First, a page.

The problem is that we define happiness by meeting our individual needs, but the things that matter are more to do with service, and meeting other’s needs. It is rather sad, but doing things in the hope of attaining individual happiness never amounts to much and doesn’t really matter on a universal scale.
On the other hand, one person serving others, or giving to something bigger than “self”, can amount to something huge and deeply satisfying — this is because personal happiness is ultimately irrelevant to the planet, but an individual in service of another has the capacity to change the world.
Recently, I reviewed Sergio Leone’s Once Upon a Time in America and one particular scene evoked a real cognitive and spiritual dissonance. Set in a low socio-economic quarter of New York in the 1920s, was a scene of material poverty with all its attendant features of over-crowding, dirt and squalor. And yet, what perhaps ought to have evoked despair, instead, aroused just the opposite.
In many ways, their lives seemed preferable to mine, and not because they were poor, but in spite of their poverty. And I feel the need to stress this: not because of the horrors associated with the present-day Covid-19 pandemic. The people on the screen seemed to have hope; they had dreams, they imagined something better, they discussed ideas and perceived a world where social wrongs and inequality might be addressed.
As Bradbury alluded to, they wrestled with concepts beyond the acquisition of material things.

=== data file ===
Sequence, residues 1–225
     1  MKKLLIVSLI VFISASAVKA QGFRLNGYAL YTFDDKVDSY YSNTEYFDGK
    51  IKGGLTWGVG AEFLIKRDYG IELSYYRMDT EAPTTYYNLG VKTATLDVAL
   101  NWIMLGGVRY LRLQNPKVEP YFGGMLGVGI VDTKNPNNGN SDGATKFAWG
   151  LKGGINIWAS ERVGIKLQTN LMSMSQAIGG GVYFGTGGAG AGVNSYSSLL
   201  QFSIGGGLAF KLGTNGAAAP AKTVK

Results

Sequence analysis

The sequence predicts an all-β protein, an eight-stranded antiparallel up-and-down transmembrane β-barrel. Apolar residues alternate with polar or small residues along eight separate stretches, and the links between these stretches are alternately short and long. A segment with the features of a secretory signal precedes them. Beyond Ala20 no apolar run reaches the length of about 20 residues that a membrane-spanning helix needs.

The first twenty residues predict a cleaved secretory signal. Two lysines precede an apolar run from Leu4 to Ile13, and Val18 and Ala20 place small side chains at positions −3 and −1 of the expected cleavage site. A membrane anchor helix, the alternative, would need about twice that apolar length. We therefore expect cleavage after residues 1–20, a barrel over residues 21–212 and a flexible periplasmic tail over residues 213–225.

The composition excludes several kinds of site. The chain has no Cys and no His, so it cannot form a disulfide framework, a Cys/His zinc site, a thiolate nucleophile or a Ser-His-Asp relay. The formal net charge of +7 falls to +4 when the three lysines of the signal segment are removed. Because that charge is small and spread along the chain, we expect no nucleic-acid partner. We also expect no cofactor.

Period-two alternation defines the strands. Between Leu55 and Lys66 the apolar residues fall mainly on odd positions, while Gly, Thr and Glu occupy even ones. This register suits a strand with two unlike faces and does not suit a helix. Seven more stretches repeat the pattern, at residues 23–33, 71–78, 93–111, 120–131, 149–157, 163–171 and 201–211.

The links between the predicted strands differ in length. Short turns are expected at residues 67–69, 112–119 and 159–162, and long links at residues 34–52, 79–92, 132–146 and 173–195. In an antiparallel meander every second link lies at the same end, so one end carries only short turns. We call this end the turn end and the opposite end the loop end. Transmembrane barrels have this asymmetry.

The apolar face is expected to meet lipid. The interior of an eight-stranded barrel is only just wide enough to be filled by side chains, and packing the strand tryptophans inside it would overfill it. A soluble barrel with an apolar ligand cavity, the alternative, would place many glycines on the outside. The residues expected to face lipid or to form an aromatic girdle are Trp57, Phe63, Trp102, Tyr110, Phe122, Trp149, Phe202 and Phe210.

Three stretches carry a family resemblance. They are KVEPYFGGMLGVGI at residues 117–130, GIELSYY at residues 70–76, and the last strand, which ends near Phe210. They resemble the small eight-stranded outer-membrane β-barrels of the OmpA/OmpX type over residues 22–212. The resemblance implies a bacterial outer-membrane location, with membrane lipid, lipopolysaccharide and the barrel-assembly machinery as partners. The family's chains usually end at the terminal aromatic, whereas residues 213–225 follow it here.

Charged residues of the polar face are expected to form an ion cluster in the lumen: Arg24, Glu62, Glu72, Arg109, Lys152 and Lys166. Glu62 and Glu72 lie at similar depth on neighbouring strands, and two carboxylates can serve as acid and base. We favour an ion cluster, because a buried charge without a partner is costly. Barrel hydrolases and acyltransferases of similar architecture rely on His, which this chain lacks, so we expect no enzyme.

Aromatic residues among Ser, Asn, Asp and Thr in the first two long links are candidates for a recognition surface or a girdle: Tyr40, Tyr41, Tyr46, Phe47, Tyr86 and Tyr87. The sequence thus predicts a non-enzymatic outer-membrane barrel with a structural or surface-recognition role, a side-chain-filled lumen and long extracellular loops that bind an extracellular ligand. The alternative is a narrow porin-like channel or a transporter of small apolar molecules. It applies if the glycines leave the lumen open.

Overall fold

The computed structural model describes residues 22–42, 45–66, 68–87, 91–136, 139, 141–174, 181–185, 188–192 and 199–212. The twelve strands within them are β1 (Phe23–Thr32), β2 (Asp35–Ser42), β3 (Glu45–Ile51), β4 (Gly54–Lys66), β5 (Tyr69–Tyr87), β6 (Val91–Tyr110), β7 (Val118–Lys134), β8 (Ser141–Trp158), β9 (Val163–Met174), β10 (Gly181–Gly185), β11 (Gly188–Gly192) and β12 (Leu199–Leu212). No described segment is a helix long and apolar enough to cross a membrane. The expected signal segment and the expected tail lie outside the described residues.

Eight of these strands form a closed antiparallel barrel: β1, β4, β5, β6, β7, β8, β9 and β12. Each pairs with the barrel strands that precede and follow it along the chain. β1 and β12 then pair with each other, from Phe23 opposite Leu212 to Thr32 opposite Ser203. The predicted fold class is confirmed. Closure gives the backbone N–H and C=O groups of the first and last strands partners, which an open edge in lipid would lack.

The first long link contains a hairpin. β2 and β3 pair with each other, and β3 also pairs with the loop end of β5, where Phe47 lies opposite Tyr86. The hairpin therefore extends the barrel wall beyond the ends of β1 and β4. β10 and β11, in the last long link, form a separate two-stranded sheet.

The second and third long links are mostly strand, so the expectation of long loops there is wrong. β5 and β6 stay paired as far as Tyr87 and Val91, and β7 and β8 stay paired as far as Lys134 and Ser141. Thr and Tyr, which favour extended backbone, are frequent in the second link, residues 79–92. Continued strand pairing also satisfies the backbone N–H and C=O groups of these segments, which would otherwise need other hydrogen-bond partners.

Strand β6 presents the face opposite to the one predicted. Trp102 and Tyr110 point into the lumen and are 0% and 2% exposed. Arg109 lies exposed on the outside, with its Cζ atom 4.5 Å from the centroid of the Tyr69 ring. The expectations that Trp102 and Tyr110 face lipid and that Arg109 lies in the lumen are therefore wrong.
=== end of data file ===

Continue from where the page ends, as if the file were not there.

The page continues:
Frankly, I would take this over the comatose malaise we currently find ourselves in, where we are anesthetised into a complacency that is only mistaken for happiness.
Furthermore, the characters of the movie were interacting with each other; enjoying human connections.
Well before the pandemic emptied our streets, our lives had become virtual. In fact, I remember walking along Pitt Street Mall in Sydney, perhaps the single busiest place in the country, and after 15-minutes of sustained observation found myself recoiling in shock. Not one person was conversing face to face with another human being. Each and every person was either on a device or they were looking in a shop window for their next material fix.
Even before Covid-19 and, more-so now, the vast majority of our conversations, interactions and thoughts are virtual and centred around “things” or material objects. Simply, we are attached to things rather than to each other and we lead extraordinarily virtual lives.
What are we, if not the sum of our thoughts and actions? And, if our thoughts are only of things (and our actions centred around acquiring things), then I would argue that we ourselves have become “things”.
Perhaps this is the inevitable end-point of a consumer-driven society.
Blind consumption is the order of our lives and objects dictate our very way of living.
The philosopher Baudrillard writes, “Just as the wolf-child became a wolf by living among wolves, so we too are slowly becoming functional. We live by object time; we live at the pace of objects, live to the rhythm of their ceaseless succession.”
In this sense, Baudrillard insists that the value of reality, truth and everything else, has accelerated towards obscenity, towards a kind of ecstatic proliferation. The history we are now living through is not one of progress, but of exhaustion.
How does this relate to our poor state of political leadership and navigating the Covid-19 pandemic? Einstein said, “We cannot solve our problems with the same thinking we used when we created them.”
The Vax Vexation